VS2791PEN-CIP-CN-TOB-KAN-ERY-CD-TET-CHL-SXTblaZ, ermB, msr(A/B), aac(6′)-Ie-aph(2′′)-Ia, aph(3′)-IIIa, tetM, dfrGlukF-I/lukS-IST45 (45)
VS2792PEN-CIP-CN-TOB-KAN-ERY-CD-TET-SXTblaZ, ermB, aac(6′)-Ie-aph(2′′)-Ia, aph(3′)-IIIa, ant(4′)-Ia, tetM, dfrGlukF-I/lukS-IST123 (71)
VS2793PEN-CIP-CN-TOB-KAN-ERY-CD-TET-SXTblaZ, ermB, aac(6′)-Ie-aph(2′′)-Ia, aph(3′)-IIIa, ant(4′)-Ia, tetM, dfrGlukF-I/lukS-IST123 (71)
VS2794PEN-CIP-CN-TOB-KAN-ERY-CD-TET-SXTblaZ, ermB, aac(6′)-Ie-aph(2′′)-Ia, aph(3′)-IIIa, tetK, dfrGlukF-I/lukS-IST123 (71)
VS2795PEN-CIP-CN-TOB-KAN-ERY-CD-TET-SXTblaZ, ermB, aac(6′)-Ie-aph(2′′)-Ia, aph(3′)-IIIa, ant(4′)-Ia, tetM, dfrGlukF-I/lukS-IST123 (71)
VS2796PEN-CIP-CN-TOB-KAN-ERY-CD-TET-CHL-SXTblaZ, ermB, aac(6′)-Ie-aph(2′′)-Ia, aph(3′)-IIIa, tetM, dfrGlukF-I/lukS-IST123 (71)
VS2797PEN-CN-TOB-KAN-ERY-CD-TET-SXT-RDblaZ, ermB, aph(3′)-IIIa, ant(4′)-Ia, tetK, dfrGlukF-I/lukS-IST1029
VS2798PEN-CIP-CN-TOB-KAN-ERY-CD-FD-SXTblaZ, ermB, aac(6′)-Ie-aph(2′′)-Ia, aph(3′)-IIIa, dfrGlukF-I/lukS-IST123 (71)
VS2799PEN-CN-KAN-ERY-CD-TET-SXTblaZ, ermB, msr(A/B), aac(6′)-Ie-aph(2′′)-Ia, aph(3′)-IIIa, tetK, dfrGlukF-I/lukS-IST727
VS2800PEN-CIP-CN-TOB-KAN-ERY-CD-TET-SXTblaZ, ermB, msr(A/B), aac(6′)-Ie-aph(2′′)-Ia, aph(3′)-IIIa, ant(4′)-Ia, tetK, dfrGlukF-I/lukS-IST123 (71)
VS2801PEN-CIP-CN-TOB-KAN-ERY-CD-TET-SXTblaZ, ermB, msr(A/B), aac(6′)-Ie-aph(2′′)-Ia, aph(3′)-IIIa, ant(4′)-Ia, tetK, dfrGlukF-I/lukS-IST123 (71)
VS2802PEN-CIP-CN-TOB-KAN-ERY-CD-TET-SXTblaZ, ermB, aac(6′)-Ie-aph(2′′)-Ia, aph(3′)-IIIa, tetM, dfrGlukF-I/lukS-IST123 (71)
VS2803PEN-CIP-CN-TOB-KAN-ERY-CD-TET-SXTblaZ, ermB, aac(6′)-Ie-aph(2′′)-Ia, aph(3′)-IIIa, tetK, dfrGlukF-I/lukS-IST123 (71)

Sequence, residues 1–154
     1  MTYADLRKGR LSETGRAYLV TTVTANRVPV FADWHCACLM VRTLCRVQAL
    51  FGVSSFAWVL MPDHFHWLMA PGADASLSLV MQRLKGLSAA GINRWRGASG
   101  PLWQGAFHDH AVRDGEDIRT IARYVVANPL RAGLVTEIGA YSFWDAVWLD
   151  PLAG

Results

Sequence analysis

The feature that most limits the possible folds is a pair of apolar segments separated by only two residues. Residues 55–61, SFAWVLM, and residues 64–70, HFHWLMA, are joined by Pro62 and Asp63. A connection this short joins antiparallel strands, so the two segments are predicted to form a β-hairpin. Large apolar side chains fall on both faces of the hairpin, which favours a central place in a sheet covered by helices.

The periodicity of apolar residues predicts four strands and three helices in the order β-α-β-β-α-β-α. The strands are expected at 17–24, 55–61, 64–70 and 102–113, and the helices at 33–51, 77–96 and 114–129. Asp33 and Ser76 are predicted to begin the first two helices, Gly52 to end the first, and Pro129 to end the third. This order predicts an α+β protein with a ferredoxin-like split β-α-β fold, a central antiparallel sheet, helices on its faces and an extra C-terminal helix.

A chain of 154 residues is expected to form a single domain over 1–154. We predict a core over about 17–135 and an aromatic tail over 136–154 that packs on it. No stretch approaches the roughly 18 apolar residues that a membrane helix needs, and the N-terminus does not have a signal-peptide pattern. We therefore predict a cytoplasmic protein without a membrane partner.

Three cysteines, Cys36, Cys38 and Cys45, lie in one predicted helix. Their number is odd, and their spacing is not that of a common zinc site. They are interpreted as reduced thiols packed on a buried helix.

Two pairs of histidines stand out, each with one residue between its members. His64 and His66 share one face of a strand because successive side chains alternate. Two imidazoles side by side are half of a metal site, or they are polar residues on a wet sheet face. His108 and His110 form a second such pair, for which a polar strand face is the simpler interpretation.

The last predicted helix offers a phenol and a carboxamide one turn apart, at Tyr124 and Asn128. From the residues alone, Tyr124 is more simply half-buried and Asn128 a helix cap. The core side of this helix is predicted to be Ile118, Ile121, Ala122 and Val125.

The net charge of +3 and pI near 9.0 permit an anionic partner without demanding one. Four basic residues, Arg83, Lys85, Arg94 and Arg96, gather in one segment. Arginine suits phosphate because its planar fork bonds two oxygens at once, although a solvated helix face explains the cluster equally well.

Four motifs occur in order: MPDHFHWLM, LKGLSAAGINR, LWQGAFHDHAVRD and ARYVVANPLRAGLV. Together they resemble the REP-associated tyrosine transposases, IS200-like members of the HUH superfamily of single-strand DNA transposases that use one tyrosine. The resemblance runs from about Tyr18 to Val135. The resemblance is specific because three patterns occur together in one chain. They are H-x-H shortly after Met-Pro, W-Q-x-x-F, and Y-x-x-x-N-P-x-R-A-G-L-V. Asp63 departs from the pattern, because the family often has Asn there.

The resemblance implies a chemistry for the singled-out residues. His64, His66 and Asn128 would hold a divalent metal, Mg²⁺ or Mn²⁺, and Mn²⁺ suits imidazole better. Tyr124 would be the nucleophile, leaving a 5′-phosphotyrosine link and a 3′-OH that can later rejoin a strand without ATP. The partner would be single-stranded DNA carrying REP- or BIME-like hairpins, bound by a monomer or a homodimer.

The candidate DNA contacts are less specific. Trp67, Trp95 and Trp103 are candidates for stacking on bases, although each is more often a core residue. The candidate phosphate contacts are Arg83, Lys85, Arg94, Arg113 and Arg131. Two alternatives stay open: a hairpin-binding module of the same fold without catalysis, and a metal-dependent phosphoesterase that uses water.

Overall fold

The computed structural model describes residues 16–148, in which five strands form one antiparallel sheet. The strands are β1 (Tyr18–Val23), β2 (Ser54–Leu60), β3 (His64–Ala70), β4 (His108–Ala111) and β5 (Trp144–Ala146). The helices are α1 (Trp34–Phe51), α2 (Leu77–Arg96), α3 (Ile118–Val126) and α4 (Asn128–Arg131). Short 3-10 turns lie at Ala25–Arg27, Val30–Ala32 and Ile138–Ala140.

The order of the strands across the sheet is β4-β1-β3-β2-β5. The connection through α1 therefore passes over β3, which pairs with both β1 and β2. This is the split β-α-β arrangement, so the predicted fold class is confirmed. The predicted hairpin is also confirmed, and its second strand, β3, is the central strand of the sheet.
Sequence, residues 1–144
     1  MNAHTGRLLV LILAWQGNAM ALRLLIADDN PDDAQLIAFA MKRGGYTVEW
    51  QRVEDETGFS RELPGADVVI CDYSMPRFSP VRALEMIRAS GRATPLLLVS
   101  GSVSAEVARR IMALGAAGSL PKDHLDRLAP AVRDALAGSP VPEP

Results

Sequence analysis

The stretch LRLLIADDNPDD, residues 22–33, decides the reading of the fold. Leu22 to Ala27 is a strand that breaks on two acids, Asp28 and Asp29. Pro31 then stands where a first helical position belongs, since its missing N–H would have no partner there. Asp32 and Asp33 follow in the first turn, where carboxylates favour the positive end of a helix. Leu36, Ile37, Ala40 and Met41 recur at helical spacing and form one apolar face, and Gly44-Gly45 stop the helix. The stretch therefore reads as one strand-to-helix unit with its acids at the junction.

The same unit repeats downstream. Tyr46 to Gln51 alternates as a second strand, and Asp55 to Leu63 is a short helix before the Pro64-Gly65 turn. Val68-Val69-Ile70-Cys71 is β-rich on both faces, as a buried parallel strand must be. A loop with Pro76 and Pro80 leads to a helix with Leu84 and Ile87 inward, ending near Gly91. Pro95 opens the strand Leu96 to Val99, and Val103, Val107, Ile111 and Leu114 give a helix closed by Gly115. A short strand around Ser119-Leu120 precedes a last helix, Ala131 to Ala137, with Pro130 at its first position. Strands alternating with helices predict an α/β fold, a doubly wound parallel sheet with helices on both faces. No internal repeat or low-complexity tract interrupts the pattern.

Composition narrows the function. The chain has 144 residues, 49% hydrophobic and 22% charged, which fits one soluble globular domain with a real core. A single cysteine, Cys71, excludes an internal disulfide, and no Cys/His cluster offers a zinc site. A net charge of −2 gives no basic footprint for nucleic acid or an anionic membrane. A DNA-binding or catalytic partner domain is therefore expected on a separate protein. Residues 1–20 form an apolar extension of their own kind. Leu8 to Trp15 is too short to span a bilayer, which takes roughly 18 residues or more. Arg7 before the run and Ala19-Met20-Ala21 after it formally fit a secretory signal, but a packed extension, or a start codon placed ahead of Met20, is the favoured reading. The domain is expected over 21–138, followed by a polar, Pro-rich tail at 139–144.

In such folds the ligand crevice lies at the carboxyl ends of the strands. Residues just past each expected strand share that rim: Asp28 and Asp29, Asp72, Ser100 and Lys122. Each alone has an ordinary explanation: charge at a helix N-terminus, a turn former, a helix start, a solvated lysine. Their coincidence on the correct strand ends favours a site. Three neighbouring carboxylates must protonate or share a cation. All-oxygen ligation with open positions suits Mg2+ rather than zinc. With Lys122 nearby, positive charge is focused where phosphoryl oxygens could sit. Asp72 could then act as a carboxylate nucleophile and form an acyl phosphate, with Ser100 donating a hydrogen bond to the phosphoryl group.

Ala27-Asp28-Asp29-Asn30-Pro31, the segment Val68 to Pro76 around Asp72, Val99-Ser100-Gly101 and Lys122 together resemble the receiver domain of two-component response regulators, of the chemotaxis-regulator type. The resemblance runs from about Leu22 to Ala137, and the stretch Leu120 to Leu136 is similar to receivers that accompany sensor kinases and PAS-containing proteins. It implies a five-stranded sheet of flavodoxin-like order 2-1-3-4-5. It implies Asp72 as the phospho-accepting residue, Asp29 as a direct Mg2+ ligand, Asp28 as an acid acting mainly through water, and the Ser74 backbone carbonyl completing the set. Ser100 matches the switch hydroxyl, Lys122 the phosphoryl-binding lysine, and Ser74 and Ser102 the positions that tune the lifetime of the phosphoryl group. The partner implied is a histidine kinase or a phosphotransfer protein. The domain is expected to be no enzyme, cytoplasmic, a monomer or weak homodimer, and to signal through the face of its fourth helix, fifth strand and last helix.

VS2804PEN-CN-TOB-KAN-ERY-CD-TET-SXTblaZ, ermB, msr(A/B), aph(3′)-IIIa, ant(4′)-Ia, tetK, dfrGlukF-I/lukS-IST118 (258)
VS2805PEN-CIP-CN-TOB-KAN-ERY-CD-TET-SXTermB, msr(A/B), aac(6′)-Ie-aph(2′′)-Ia, aph(3′)-IIIa, tetK, dfrGlukF-I/lukS-IST123 (71)
VS2806PEN-CIP-CN-TOB-KAN-ERY-CD-SXTblaZ, ermB, aac(6′)-Ie-aph(2′′)-Ia, aph(3′)-IIIa, dfrGlukF-I/lukS-IST123 (71)
VS2807PEN-CIP-CN-TOB-KAN-ERY-CD-TET-SXTblaZ, ermB, aac(6′)-Ie-aph(2′′)-Ia, aph(3′)-IIIa, ant(4′)-Ia, tetM, dfrGlukF-I/lukS-IST123 (71)
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Silva, V.; Oliveira, A.; Manageiro, V.; Caniça, M.; Contente, D.; Capita, R.; Alonso-Calleja, C.; Carvalho, I.; Capelo, J.L.; Igrejas, G.; et al. Clonal Diversity and Antimicrobial Resistance of Methicillin-Resistant Staphylococcus pseudintermedius Isolated from Canine Pyoderma. Microorganisms 2021, 9, 482.

AMA Style

Silva V, Oliveira A, Manageiro V, Caniça M, Contente D, Capita R, Alonso-Calleja C, Carvalho I, Capelo JL, Igrejas G, et al. Clonal Diversity and Antimicrobial Resistance of Methicillin-Resistant Staphylococcus pseudintermedius Isolated from Canine Pyoderma. Microorganisms. 2021; 9(3):482.

Chicago/Turabian Style

Silva, Vanessa, Ana Oliveira, Vera Manageiro, Manuela Caniça, Diogo Contente, Rosa Capita, Carlos Alonso-Calleja, Isabel Carvalho, José L. Capelo, Gilberto Igrejas, and et al. 2021. "Clonal Diversity and Antimicrobial Resistance of Methicillin-Resistant Staphylococcus pseudintermedius Isolated from Canine Pyoderma" Microorganisms 9, no. 3: 482.